A few pūkeko coming home to roost there. The pipeline was apparently damaged at some point by a digger after swamp kauri. The leak itself happened last Thursday, which begs some questions about why it’s taken so long for all involved to tell the public. And there’s a fair amount of discussion about whether the kauri digger is associated with Oravida. Whether it is or isn’t, this accident was set up a number of years ago.
Judith Collins, swamp kauri, privatization, Auckland infrastructure collapse. All we're missing is Oravida. And rumour is that's coming…
— Graham Cameron (@GCSB_spy) September 17, 2017
Not so much closing some loops here, as pointing to the gordian knot in the living room. The natural consequence of 30 years of neoliberalism, and 9 years of FJK’s National in particular. The extractive economy.
But it’s not just them, it’s us too.
As I’ve written about before, flying causes climate change. Not just from the emissions from the av gas used in that flight from Auckland to wherever, but the emissions from the total infrastructure used to move humans quickly around the planet and from the way the economy works that in order for airlines to remain viable the infrastructure has to keep increasing. To have cheap flights we have to build more airports, which means more cheap flights and more airports and more flights and more emissions from all the extra-flight activity. Meanwhile the world is getting hotter.
We either need to stop flying so much, or we need a non-GHG replacement for av gas (unlikely in ways that will meet current demand) or we need to accept that we are ok with catastrophic climate change. Because while industrialised nations are fast getting on board with public transport and electric cars, flying is going to become the next symbol of our refusal to take climate change seriously when it confronts out personal lifestyles and how the economy runs. Start thinking about not just the business trips cancelled, but all the freight disruptions from this week. In a post carbon world are you ok with getting your books off Amazon via sea freight? What do you want to have happen now?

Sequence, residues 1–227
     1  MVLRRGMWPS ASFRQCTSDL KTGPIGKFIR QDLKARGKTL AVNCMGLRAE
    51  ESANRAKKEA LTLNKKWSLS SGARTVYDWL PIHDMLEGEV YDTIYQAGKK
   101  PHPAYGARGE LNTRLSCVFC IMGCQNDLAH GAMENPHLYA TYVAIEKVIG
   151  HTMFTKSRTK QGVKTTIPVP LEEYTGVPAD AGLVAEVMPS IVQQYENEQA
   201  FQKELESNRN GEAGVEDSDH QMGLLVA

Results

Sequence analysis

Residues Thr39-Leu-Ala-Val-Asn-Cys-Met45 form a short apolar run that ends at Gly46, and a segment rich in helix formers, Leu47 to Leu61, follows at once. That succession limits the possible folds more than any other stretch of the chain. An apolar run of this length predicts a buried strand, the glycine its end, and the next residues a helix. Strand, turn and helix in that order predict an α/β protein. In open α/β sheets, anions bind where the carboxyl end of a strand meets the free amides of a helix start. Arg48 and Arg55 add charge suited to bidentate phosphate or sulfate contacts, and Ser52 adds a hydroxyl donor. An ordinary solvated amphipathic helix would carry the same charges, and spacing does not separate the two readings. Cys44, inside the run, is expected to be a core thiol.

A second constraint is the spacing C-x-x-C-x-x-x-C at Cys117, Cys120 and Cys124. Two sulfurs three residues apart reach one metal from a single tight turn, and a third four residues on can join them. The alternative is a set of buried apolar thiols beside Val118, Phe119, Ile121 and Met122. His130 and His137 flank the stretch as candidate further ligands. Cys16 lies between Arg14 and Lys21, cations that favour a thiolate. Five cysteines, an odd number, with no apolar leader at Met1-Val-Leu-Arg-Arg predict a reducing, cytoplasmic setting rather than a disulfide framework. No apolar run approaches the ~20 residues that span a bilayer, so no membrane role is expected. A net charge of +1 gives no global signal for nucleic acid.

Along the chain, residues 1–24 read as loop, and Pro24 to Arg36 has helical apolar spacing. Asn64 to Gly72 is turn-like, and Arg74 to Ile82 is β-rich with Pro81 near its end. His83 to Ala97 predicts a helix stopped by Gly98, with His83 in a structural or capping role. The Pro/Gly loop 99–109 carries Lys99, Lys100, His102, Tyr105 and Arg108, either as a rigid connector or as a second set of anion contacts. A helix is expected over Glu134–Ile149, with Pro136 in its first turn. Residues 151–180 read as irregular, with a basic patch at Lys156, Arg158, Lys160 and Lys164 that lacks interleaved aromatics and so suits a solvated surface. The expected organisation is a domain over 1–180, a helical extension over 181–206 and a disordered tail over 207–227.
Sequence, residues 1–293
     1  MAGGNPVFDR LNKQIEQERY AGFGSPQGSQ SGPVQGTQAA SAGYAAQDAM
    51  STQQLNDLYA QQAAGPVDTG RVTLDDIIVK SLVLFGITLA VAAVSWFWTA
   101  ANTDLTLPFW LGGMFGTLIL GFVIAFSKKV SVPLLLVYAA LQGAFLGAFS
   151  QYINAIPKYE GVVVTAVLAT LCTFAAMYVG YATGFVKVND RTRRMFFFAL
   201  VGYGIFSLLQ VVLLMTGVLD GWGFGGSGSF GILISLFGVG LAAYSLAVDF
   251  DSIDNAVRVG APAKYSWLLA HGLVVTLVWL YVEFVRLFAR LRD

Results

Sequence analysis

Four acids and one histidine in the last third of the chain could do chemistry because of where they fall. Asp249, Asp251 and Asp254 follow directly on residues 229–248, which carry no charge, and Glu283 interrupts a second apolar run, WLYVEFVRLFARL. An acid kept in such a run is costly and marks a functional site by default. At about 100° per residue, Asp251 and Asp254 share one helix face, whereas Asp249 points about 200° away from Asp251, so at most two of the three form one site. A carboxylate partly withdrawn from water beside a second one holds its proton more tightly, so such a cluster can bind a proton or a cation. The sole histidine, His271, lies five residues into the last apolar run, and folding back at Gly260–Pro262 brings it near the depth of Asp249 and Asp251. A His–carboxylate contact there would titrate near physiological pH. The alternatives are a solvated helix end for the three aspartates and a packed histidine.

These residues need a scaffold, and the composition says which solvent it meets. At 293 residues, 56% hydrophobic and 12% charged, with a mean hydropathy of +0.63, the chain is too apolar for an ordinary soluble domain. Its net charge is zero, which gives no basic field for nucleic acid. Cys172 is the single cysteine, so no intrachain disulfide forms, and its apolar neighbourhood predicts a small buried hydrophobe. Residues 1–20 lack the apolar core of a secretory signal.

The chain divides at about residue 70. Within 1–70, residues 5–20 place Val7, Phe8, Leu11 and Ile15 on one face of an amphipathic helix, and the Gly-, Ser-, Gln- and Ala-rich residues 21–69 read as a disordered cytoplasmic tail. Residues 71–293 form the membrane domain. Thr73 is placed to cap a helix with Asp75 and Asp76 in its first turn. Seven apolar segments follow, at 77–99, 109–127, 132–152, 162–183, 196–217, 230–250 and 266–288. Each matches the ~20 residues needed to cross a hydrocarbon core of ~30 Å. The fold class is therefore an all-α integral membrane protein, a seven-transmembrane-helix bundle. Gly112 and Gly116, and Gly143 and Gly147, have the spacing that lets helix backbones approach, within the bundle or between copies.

So the digger which struck the fuel pipeline was after swamp Kauri. MPI has allowed that greedy plunder to continue. #fuelshortage
— Whena Owen (@WhenaOwen) September 17, 2017
These aren’t a random set of circumstances. There are connections between climate change, the stress of cancelled flights, the digging up of swamp kauri, the environment, failing infastructure, neoliberalism, the end of the empire. We’re at the tipping point where our greed for resources and our insistence on perpetual growth and being able to do whatever the hell we like so long as we have the dosh and can get away with it are going to either change to something more sustainable or fall over completely.
And here we are about to elect a government.
This shit has to stop. We have to stop thinking that digging up taonga and selling for the best bucks is a reasonable thing to do. We have to stop thinking that being able to fly where we like and when we like is a reasonable thing to do. We have to stop thinking that climate change is something that is separate from our politics and our lifestyles.
Oh, and Labour? Time to commit to keeping all fossil fuels in the ground. No more deep sea oil drilling, no more fracking, no more new coal mines. We cannot afford to burn the reserves we have now, it’s insanity to allow continued fossil fuel exploration. We also cannot afford a major oil spill. So often NZ gets these dry runs at what might be on the horizon, here’s another one. Are we paying attention?
Feel free to use this thread to discuss general issues around the Ruakaka/Auckland fuel crisis, I just wanted to put the discussion in a broader context.